Building a business is more than having a wonderful product. You must consistently and successfully market the product while you create it.
Know Your Craft and Turn It Into a Product
Pick a few of your favorite crafts that you enjoy to make and you are good at making. Use these products as a starting point for creating your brand and make some prototypes. Start with three products in two to three different colors. Make some extra crafts so you can ship them immediately as soon as you get your first order. Make sure that your product is free of copyrights.
Build a Brand Around Your Craft
Your brand is your businesses identity. It needs to target an audience and be appealing to them. If you are making hand blown glass vases, for instance, think of the person who will be buying the bases. Take it a step forward from the typical female client, and make some basic vases that can exist in both a feminine and masculine home.
Get Licensed and Professional
File for a business license and open a business Paypal account to give buyers peace of mind when buying online.
Get a Website
Your web site should be aesthetically pleasing, professional, and do major justice at showcasing your crafts. While there are a lot of free web building programs out there, from a business standpoint, you should have one professionally made and avoid free sites. They are ridden with pop-ups, links, and blinking ads that pull from your product and are distracting. You can hire a web designer and pay anywhere from $80-500 depending on the size of your web site. For a small site, it will be significantly less.
Market Crafts Locally and Online
Market your product the best you can. Go to stores around town and ask to speak to their manager. They can tell you whether or not they are allowed to carry items that are not directly offered by them. Independently owned shops, like other craft stores, book stores, and coffee shops will be more inclined to have local talent showcased in their stores. Approach them first and offer a small incentive. This can be a small share of the profits, or a discount on your product.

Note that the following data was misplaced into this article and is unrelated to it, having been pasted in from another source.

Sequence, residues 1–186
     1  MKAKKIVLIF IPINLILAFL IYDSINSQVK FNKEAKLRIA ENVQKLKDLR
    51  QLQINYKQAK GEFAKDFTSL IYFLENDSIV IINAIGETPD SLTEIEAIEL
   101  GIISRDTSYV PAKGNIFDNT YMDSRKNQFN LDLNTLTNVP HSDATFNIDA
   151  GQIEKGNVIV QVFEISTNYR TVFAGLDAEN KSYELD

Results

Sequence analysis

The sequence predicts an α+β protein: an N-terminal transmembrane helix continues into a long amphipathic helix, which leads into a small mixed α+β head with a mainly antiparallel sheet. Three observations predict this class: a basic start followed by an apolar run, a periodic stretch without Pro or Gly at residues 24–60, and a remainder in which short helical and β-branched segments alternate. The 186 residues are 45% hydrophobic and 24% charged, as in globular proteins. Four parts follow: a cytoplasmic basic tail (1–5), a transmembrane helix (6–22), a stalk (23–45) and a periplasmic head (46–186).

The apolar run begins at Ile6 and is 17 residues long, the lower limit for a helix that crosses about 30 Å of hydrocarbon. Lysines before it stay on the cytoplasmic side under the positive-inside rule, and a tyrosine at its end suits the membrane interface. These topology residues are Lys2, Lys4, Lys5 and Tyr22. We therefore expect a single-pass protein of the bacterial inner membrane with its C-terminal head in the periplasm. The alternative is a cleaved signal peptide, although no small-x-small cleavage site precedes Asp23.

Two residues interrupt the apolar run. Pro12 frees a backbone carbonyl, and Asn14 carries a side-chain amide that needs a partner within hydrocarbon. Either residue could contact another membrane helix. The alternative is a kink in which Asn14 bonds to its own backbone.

Multitask Between Crafting and Marketing.
Never stop creating. Create and market simultaneously. Marketing never stops, and your production should never stop. Whenever you create a new craft, take a pictures and upload it onto your website. Use social networking sites like Facebook and Twitter to get your business out in cyberspace. Join blogging networks that share similar interests. For example, join another craft site, like Etsy.com, where you can upload and sell your products, and network with other artists and creators.
Be Professional and Patient
Be absolutely serious about your craft and your crafts. If you are not 110% excited about your craft business, then you should consider keeping it as a hobby. Starting a business is a lot of work, and a lot of planning. Stay organized, follow all the rules, and stay busy promoting and advertising.